Defendants contend that plaintiff's failure to provide competent evidence on the motion of Palisades's default or any notice of default to the guarantors, precluded entry of summary judgment to plaintiff and required judgment in their favor dismissing the complaint with prejudice. Defendants also argue that summary judgment as to Palisades was inappropriate as it was a dismissed party at the time of the entry of judgment. Finally, defendants argue that plaintiff was not entitled to interest on the Note after acceleration. Plaintiff argues that entry of summary judgment in his favor was appropriate, that the motion judge properly awarded interest, that Palisades's appeal was untimely, and that the motion judge properly denied defendants' cross-motion for summary judgment. Because of procedural deficiencies in plaintiff's motion for summary judgment, we are constrained to reverse the judgment to plaintiff. We affirm the denial of the Colao/Bertinato defendants' cross-motion.

Summary judgment is appropriate where there is no genuine issue of material fact and the moving party is entitled to judgment as a matter of law. R. 4:46-2(c). We review the grant of summary judgment using the same standard as the motion judge.

Prudential Prop. & Cas. Ins. Co. v. Boylan, 307 N.J. Super. 162, 167 (App. Div.), certif. denied, 154 N.J. 608 (1998). Thus, we must determine "whether the competent evidential materials presented, when viewed in the light most favorable to the non-moving party, are sufficient to permit a rational factfinder to resolve the alleged disputed issue in favor of the non-moving party." Brill v. Guardian Life Ins. Co. of Am., 142 N.J. 520, 540 (1995).

Plaintiff supported his motion with a statement of material facts, a letter brief, his own certification and that of his counsel. In the statement of material facts, plaintiff set forth as undisputed the facts alleged in the complaint that he had called the Note, that defendants had failed to make payment as required by the Note and Mortgage, that plaintiff had given notice of his intent to enforce the Guaranty and that defendants had failed to respond to that notice. These are the same facts that the Colao/Bertinato defendants had claimed they lacked knowledge of or denied in their answer. The Colao/Bertinato defendants likewise disputed these facts in their opposing statement of material facts. Plaintiff did not support any of these facts by a citation to the portion of the motion record establishing the fact or demonstrating that it was uncontroverted as required by R. 4:46-2(a).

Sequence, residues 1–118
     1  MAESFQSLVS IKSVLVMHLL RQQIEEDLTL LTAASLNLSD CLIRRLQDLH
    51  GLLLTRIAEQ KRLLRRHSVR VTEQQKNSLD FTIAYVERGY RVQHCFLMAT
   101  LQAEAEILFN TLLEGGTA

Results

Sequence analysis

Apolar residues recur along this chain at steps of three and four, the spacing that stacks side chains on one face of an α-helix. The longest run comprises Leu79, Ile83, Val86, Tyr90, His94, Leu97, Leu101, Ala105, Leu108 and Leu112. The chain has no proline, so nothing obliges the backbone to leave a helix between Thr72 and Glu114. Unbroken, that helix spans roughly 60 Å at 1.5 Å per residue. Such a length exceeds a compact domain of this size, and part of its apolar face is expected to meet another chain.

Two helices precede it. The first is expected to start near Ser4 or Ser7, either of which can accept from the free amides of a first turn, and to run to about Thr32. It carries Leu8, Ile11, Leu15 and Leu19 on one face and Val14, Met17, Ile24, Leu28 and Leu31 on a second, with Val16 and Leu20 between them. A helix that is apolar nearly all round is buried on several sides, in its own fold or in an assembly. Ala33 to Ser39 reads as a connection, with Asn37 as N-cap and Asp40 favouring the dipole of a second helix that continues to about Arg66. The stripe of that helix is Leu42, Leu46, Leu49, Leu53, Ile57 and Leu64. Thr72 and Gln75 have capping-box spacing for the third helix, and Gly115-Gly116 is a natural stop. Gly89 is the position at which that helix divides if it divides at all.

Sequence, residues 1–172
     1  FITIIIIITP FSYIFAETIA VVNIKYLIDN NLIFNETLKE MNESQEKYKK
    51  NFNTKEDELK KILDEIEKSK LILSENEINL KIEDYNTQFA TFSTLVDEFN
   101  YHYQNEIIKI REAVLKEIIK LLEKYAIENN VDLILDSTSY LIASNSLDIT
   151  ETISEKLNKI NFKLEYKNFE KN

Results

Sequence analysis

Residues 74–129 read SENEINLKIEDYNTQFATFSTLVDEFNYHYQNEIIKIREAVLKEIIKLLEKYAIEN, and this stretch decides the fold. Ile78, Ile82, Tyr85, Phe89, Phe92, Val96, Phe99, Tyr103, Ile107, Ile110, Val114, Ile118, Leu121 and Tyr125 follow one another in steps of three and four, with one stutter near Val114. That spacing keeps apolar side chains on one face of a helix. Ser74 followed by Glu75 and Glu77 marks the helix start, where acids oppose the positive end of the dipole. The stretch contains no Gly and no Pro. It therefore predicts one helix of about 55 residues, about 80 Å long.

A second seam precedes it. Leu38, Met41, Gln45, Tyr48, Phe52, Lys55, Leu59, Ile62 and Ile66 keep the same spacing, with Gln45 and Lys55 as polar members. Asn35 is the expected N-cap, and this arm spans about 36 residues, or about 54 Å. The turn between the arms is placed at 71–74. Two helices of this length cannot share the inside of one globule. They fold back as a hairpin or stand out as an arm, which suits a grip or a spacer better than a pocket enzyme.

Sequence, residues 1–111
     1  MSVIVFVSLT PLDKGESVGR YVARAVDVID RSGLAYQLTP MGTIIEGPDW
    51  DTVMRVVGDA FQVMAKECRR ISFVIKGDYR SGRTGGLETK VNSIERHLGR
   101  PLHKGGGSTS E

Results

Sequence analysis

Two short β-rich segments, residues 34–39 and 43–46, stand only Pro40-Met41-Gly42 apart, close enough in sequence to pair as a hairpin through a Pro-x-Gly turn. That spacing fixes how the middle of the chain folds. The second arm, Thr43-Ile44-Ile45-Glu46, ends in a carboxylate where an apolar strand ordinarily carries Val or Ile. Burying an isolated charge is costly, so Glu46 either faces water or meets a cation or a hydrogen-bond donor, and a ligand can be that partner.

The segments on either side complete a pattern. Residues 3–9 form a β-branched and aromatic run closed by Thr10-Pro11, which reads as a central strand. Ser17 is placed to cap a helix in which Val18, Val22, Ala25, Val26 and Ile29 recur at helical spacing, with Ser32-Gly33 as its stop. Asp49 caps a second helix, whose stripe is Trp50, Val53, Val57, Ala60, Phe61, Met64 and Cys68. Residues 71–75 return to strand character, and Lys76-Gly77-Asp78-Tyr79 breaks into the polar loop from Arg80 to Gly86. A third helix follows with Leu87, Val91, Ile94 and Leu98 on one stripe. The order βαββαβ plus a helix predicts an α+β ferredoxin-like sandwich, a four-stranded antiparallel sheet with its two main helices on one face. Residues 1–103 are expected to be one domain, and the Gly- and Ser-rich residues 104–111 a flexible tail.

Further, plaintiff did not attest to these facts in his certification. As to the default, plaintiff said only that "[a]s the court has been made aware in my attorney's submissions, this matter involves the nonpayment by the defendants with respect to a mortgage and promissory note. (See initial motion documents submitted by counsel)." As to the default notice, plaintiff did not claim that he gave such notice as he alleged in the complaint but instead averred that "[u]nder the agreement there was no requirement to provide a default notice and the plaintiff's motion must be granted." Plaintiff's counsel's certification did not address either issue.

Even were we to construe plaintiff's certification as implying that the borrower, Palisades, had failed to make payment on the Note when due, the certification would still be insufficient to establish the fact on a motion for summary judgment. Rule 1:4-4(b) Certification in Lieu of Oath, provides:

In lieu of the affidavit, oath or verification required by these rules, the affiant may submit the following certification which shall be dated and immediately precede the affiant's signature: "I certify that the foregoing statements made by me are true. I am aware that if any of the ...